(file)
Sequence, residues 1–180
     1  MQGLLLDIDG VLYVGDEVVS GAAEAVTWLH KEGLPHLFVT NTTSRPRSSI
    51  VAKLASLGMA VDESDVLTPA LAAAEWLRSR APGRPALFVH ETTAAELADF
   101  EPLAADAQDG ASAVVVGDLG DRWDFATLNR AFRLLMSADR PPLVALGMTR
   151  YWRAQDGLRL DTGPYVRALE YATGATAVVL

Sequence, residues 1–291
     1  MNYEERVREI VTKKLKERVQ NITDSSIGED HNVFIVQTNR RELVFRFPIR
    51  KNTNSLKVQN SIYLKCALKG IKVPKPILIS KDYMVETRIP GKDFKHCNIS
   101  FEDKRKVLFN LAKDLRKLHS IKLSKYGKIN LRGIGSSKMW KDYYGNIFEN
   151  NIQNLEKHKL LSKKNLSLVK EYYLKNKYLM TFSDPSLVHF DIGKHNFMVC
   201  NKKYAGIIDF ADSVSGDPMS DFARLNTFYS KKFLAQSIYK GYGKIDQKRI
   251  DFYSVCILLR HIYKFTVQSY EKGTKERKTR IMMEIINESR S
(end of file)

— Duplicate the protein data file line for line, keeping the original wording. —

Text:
Sequence, residues 1–180
     1  MQGLLLDIDG VLYVGDEVVS GAAEAVTWLH KEGLPHLFVT NTTSRPRSSI
    51  VAKLASLGMA VDESDVLTPA LAAAEWLRSR APGRPALFVH ETTAAELADF
   101  EPLAADAQDG ASAVVVGDLG DRWDFATLNR AFRLLMSADR PPLVALGMTR
   151  YWRAQDGLRL DTGPYVRALE YATGATAVVL

Sequence, residues 1–291
     1  MNYEERVREI VTKKLKERVQ NITDSSIGED HNVFIVQTNR RELVFRFPIR
    51  KNTNSLKVQN SIYLKCALKG IKVPKPILIS KDYMVETRIP GKDFKHCNIS
   101  FEDKRKVLFN LAKDLRKLHS IKLSKYGKIN LRGIGSSKMW KDYYGNIFEN
   151  NIQNLEKHKL LSKKNLSLVK EYYLKNKYLM TFSDPSLVHF DIGKHNFMVC
   201  NKKYAGIIDF ADSVSGDPMS DFARLNTFYS KKFLAQSIYK GYGKIDQKRI
   251  DFYSVCILLR HIYKFTVQSY EKGTKERKTR IMMEIINESR S